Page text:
Cyberbullying can have deadly consequences for teens


Old story, new setting Social media like Facebook, Twitter can be used to intimidate kids

Help your child avoid becoming a target of cyberbullying:


Part of growing up includes acquiring emotional aptitude and taking responsibility for how others are affected by our actions.

However, children and youth can be cruel to each other while they are maturing, as illustrated by the events leading up to the recent suicide of 15-year-old Amanda Todd in British Columbia.

Public concerns over bullying seem to rise and fall in the wake of bullying related tragedies reported in the media.

Todd’s suicide has received wide-spread interest largely because of the YouTube video she posted, which has been viewed millions of times, where she used flash cards to describe her experience of being bullied.

The video provides a glimpse of the torment some young people face for people who are normally insolated from such harsh interactions.

Also, much of the bullying occurred online and was easy for news agencies to find and report.

Cyberbullying occurs when the internet, including social networking sites such as Facebook, is used to taunt and harm others.

Online bullying is usually only part of a larger bullying campaign that victims face. So in many ways, it is an extension of the bullying that teachers, parents and police have always faced.

Alex Moore, author of A Parents Guide to Cyberstalking and Cyberbullying, said bullying can be much harder for parents to detect when it occurs in the virtual world.

“It is possible to monitor children’s online activity with a variety of parental control software and apps,” Moore said. “However, the products available tend to be costly and are not user friendly.”

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It used to be easier to protect children from bullying.

She said youngsters’ time spent away from home was always the wildcard but once in the safety of the home, parents could make sure their children were safe from emotional abuse and threats of violence from their peers.

However, this is no longer the case as the increased reliance on digital communications erodes the home’s previous safe zone.

In the past, children’s behaviour was at least somewhat monitored in most of the places they frequented.

Moore said digital communications are largely unmonitored. Handheld computing devices are cheap and need only a widely available WiFi signal to access free social media sites. As well, there are no Facebook hall monitors or text message referees.

The ability of teachers and principles to monitor and discipline students only goes so far in the cyber world.

She said police say they need new legislation to help intervene and investigate cyberbullying in Canada.

However, police will not be able to intervene or prevent all cyberbullying cases regardless of the laws that are put in place. Many of them will be too subtle and fall within the parameters of any reasonable law.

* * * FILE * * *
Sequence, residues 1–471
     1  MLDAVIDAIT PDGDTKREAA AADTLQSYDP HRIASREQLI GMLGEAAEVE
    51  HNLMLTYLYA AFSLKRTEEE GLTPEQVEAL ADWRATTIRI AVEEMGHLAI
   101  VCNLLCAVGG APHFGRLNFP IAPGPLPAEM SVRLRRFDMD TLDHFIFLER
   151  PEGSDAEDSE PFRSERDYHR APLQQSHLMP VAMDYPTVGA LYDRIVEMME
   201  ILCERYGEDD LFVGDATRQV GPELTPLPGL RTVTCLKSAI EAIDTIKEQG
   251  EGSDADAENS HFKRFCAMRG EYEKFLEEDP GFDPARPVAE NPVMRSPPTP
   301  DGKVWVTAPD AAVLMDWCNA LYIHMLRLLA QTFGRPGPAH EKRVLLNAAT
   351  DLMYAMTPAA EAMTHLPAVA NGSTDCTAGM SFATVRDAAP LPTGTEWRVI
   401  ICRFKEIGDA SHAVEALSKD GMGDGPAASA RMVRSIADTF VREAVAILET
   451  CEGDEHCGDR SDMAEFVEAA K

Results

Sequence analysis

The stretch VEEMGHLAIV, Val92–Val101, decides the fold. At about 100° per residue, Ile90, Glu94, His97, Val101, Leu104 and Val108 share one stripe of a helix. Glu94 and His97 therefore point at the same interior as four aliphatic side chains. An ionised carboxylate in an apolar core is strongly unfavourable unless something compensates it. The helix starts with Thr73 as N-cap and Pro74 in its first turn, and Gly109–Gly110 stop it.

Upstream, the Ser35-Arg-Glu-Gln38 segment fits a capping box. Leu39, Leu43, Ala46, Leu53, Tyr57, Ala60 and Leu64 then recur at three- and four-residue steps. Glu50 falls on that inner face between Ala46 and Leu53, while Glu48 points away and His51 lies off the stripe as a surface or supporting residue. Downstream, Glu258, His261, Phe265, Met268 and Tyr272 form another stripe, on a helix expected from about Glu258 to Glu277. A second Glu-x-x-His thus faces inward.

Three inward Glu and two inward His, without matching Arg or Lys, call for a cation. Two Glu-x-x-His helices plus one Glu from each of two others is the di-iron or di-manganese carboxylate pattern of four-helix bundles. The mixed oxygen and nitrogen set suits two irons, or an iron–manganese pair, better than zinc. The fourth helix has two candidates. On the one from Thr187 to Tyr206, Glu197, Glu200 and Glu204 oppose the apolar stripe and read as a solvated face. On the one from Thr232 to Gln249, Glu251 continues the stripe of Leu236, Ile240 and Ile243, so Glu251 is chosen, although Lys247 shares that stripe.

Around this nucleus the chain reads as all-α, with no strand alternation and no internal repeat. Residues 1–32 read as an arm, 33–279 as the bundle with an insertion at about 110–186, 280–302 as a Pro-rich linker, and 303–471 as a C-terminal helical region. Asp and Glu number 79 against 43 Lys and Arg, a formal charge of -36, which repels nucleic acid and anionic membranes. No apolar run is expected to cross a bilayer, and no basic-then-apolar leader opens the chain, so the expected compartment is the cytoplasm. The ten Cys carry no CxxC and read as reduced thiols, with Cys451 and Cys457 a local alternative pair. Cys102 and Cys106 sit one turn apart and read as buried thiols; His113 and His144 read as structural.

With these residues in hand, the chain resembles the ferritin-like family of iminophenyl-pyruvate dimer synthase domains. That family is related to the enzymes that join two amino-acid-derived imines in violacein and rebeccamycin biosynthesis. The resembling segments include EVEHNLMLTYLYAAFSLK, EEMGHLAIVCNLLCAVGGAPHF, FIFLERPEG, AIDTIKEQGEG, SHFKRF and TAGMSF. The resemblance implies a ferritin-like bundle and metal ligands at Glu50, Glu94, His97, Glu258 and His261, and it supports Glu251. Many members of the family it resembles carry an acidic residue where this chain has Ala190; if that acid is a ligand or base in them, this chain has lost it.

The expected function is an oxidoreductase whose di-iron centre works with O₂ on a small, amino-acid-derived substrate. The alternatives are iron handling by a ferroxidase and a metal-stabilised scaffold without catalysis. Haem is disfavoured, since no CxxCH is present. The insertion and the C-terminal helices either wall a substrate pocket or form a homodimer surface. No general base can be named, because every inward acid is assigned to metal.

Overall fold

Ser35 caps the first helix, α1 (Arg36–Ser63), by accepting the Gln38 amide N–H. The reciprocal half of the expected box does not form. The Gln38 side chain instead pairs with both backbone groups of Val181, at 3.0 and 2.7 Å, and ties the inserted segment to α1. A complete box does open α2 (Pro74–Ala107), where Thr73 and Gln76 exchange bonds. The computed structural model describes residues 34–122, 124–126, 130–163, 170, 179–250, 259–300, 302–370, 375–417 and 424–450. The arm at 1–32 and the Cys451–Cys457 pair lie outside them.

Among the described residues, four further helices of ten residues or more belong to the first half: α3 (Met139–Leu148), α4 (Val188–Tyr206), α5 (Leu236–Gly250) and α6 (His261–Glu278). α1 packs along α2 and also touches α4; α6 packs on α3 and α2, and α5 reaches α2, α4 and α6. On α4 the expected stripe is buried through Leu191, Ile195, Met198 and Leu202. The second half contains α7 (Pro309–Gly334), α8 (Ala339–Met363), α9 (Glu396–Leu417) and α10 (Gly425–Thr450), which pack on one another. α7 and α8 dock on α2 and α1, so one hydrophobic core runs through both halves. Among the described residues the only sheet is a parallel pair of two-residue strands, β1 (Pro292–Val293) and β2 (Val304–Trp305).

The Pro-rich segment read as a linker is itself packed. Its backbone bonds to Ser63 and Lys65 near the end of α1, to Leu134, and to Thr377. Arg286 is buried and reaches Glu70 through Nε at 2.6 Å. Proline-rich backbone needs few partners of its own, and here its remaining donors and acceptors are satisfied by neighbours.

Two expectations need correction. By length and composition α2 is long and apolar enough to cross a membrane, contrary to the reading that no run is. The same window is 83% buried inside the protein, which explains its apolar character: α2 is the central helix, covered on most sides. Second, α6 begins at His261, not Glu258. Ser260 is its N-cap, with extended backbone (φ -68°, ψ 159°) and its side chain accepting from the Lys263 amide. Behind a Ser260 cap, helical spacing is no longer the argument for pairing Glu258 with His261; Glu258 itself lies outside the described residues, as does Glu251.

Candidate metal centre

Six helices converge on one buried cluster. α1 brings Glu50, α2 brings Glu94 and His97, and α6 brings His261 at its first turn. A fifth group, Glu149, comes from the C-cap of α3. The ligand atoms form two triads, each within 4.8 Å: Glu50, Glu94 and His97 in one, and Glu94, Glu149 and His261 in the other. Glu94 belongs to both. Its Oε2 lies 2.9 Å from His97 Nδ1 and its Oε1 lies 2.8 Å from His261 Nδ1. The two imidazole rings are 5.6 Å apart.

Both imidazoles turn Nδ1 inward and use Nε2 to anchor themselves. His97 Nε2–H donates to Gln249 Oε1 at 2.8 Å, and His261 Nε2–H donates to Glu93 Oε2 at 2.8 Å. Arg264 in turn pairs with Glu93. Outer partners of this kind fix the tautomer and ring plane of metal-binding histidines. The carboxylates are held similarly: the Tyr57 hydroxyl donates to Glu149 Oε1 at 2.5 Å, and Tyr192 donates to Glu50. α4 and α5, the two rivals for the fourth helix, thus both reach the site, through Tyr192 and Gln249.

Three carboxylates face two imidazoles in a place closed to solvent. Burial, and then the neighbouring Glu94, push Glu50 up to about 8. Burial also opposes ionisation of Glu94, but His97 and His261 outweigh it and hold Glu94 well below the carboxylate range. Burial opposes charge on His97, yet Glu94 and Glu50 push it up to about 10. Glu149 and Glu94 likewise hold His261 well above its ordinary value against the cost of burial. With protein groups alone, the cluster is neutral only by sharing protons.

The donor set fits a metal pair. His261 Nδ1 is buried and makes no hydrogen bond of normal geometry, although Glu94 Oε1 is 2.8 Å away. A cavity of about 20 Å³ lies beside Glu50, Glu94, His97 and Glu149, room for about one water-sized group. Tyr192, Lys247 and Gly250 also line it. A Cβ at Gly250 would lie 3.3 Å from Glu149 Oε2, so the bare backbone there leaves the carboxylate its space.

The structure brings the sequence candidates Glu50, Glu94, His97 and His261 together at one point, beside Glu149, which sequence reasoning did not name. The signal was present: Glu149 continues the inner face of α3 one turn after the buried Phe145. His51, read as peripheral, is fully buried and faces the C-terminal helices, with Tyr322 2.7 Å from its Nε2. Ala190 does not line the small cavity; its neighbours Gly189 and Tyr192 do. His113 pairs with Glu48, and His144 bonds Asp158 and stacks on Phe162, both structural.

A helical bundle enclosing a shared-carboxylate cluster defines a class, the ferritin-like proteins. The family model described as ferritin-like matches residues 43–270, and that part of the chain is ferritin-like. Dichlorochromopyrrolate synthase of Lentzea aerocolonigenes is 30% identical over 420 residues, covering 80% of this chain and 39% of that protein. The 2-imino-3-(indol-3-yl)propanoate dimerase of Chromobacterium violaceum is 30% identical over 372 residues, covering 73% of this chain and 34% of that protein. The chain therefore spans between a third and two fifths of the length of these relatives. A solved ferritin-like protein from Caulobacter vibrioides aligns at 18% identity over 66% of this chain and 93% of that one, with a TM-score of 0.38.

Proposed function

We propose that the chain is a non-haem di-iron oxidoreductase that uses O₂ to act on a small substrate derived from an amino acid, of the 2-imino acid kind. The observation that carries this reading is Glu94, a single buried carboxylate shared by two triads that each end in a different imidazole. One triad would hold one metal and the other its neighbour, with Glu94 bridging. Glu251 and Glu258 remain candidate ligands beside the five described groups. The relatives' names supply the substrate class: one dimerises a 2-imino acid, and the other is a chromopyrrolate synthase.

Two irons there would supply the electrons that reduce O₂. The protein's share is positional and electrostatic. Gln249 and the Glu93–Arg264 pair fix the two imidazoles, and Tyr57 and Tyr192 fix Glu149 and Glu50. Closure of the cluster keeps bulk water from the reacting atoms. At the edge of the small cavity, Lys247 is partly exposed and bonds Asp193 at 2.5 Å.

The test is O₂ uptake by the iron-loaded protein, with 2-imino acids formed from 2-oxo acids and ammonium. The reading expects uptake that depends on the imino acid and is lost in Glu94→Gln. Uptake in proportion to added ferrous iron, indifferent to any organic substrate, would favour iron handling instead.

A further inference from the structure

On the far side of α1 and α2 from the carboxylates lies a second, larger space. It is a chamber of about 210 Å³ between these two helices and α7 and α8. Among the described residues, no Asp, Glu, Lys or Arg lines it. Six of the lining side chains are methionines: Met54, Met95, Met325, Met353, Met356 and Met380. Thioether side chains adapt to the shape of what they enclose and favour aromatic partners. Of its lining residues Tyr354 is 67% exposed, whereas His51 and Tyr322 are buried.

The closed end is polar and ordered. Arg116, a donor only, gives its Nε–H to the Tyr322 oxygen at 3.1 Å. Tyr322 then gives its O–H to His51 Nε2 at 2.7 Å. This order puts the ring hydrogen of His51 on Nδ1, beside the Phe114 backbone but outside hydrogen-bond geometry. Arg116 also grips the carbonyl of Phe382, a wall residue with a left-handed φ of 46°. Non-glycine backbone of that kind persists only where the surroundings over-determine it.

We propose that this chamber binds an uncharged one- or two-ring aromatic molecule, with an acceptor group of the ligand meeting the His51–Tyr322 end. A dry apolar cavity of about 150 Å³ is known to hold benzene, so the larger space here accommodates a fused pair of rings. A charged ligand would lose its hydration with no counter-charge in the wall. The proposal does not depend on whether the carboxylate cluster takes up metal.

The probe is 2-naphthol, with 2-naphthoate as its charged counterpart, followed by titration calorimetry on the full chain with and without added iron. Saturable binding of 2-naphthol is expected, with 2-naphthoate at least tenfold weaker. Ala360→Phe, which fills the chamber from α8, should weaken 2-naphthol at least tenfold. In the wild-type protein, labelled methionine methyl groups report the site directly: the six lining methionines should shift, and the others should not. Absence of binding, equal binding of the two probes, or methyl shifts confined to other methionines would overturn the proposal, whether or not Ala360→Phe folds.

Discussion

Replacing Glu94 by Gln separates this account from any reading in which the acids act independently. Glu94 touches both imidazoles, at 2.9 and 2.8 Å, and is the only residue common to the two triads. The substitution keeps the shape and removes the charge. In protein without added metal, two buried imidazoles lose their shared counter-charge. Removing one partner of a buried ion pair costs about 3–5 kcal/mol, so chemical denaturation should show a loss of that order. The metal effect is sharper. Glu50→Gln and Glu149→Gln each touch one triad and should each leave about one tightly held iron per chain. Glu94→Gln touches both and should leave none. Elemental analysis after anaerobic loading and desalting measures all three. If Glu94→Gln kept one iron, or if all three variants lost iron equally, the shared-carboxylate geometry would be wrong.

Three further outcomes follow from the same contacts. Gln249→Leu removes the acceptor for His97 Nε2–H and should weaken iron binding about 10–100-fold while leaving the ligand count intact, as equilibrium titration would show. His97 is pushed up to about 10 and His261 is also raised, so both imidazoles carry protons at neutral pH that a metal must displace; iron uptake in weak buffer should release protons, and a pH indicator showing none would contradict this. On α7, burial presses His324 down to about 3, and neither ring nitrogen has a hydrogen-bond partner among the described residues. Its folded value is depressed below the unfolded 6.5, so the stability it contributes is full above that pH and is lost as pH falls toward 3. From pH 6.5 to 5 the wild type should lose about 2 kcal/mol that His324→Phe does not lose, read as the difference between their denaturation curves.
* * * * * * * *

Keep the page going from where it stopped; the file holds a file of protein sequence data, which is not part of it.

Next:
It is ultimately the parents’ responsibility to make sure children are safe in cyberspaces. It is important for parents to have a strong relationship with their children and be able to notice when something is bothering them.

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Moore said it is impossible to prevent all cyberbully attacks, but it is vital that children know they should speak out about cyberbullying when they see it happening.

“Teach your children safety and security measures … when it comes to interacting in social networks and online sites and advise them about the dangers of sharing too much personal information publicly, including photos, texts, tweets,” Moore said.

The community of people within most public spheres hold each other accountable for their actions. It is indeed necessary for any community to self-regulate.

However, young online communities struggle to maintain any sort of etiquette standard.

Moore said the internet’s anonymity allows some people to get away with behaviour they would not get away with in most communities, and children are often the targets of this normally unacceptable behaviour.

Youngsters are increasingly fulfilling their needs for social connections and affirmations of worth through digital mediums such as social networking sites.

However, she said children shouldn’t wander the internet unsupervised until parents know they have the skills to handle themselves.

Help your kids 
deal with cyberbullying

Cyberbullying is a conscious, deliberate online attack by one 
person or group against another.

Help your child avoid becoming a target of cyberbullying:

  • Teach them to never post anything on the internet they wouldn’t 
want the world – including you – to read.
  • Talk to them about reaching out at the first sign of a threat, but don’t take for granted that your child will: only eight percent of teens who have been bullied online tell their parents about it.
  • Stay calm. Kids are reluctant to confide in their parents if they fear their parents will take away their internet or cellphone once they know what’s going on.
  • Teach your children to speak up if they notice others are being cyberbullied. Not reporting it 
is the same as approving it.

Teach your children what to do if they encounter an online bully:

  • Stop interacting with the bully. Leave the area or stop the activity (i.e. chat room, online game, instant messaging, social networking site, etc.).
  • Block the sender’s messages. Never reply to harassing messages.
  • Talk to an adult. If the bullying includes physical threats, tell the police as well.
  • Save any harassing messages and forward them to your internet service provider. Most service providers have appropriate use policies that restrict users from harassing others over the internet.

Source: http://www.bewebaware.ca

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